director: bill eagles
rachel weisz, susan lynch
|.||There was a time when English movies depicted a world
of proper, snotty aristos and humble, striving proles, a land of stunning
country vistas, tough working-class ghettos and elegant city homes, in
London at least. The Britain of New Labour and meritocracy, however, produces
films like Guy Ritchieís Snatch and Bill Eaglesí Beautiful Creatures,
films where sheer criminality has replaced class as the nationís tragic
Beautiful Creatures is set in a sleek, stylized Glasgow, where Rachel Weisz and Susan Lynch play Petula and Dorothy, women with definite men trouble. More specifically, the men they live with -- indeed, every man they meet, cop or suit or junkie -- is a seething, violent thug. In the course of one, terrible night, they learn to fight back, and the filmís body count begins with Petulaís howling, abusive boyfriend.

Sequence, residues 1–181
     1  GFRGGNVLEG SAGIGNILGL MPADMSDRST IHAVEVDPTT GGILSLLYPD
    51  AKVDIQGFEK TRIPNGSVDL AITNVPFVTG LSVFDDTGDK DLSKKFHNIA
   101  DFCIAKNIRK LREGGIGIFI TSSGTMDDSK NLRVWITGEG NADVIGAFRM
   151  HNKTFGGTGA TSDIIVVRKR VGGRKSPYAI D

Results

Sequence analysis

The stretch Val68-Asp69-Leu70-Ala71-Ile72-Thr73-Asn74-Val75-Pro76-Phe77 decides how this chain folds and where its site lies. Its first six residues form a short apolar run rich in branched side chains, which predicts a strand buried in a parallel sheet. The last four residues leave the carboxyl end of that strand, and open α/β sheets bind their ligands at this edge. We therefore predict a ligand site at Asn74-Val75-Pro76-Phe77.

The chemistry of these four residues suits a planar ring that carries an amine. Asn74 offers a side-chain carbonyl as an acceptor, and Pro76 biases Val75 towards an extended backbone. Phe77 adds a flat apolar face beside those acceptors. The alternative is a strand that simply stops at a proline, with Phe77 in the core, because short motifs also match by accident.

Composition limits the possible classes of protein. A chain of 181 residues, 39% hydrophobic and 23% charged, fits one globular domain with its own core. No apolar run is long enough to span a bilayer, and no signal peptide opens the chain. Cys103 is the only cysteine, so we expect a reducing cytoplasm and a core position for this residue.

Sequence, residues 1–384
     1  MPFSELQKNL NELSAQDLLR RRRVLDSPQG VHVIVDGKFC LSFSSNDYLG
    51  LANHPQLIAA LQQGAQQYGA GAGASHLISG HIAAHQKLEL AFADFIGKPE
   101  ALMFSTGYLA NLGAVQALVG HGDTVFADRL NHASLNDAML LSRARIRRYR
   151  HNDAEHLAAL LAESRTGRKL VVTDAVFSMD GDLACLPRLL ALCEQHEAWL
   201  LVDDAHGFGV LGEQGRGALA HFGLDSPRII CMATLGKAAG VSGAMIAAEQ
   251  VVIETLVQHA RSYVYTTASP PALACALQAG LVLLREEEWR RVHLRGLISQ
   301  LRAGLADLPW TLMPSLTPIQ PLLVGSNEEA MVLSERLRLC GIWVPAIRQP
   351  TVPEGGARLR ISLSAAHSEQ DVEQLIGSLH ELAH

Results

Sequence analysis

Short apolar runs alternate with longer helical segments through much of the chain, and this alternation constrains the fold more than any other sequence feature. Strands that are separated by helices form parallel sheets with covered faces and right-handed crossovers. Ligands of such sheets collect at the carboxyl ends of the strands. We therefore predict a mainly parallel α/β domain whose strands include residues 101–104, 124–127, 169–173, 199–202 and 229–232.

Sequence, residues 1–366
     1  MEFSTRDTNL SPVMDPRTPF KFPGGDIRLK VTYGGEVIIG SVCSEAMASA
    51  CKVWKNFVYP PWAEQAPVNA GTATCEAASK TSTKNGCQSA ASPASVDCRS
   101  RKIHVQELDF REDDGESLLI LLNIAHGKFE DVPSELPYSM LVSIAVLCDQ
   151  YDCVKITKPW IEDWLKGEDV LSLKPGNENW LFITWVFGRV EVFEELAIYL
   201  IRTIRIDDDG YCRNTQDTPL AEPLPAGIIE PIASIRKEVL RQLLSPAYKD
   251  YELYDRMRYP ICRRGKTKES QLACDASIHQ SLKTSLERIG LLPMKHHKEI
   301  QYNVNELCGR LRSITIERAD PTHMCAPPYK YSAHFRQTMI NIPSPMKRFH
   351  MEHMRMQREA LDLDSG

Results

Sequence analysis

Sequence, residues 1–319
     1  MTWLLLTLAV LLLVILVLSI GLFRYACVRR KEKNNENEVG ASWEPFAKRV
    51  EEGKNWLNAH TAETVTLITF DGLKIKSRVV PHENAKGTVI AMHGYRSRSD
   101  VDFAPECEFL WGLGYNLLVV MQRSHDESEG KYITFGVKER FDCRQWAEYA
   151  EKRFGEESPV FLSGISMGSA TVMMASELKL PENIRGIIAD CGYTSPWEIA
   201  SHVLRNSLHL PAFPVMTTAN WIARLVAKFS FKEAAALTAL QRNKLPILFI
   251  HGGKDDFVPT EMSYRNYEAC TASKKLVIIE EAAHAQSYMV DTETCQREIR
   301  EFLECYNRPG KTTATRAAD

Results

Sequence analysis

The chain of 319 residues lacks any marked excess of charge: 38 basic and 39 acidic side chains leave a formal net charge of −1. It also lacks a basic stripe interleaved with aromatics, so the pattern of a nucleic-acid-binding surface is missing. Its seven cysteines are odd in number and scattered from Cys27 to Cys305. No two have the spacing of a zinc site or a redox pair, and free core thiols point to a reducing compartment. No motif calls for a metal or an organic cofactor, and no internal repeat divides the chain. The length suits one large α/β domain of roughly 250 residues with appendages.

Thereís a joke that the body count of the average British film today far exceeds the actual murder rate of the country itself. If all British men were like those that beset Petula and Dorothy, it wouldnít be hard to see why.
Essentially a re-write of Thelma and Louise that doesnít leave Glasgowís dreary suburbs, itís a taut, well-acted film that stacks the cards in the womenís favour by making every man they meet a leering self-abuser or a seedy, criminal creep, eager and accustomed to ignoring the law, with the law's apparent complicity; no wonder they donít, for a moment, think they can plead self-defense. Itís a manís, manís world -- but not for long, I imagine, if all British women were like Petula and Dorothy.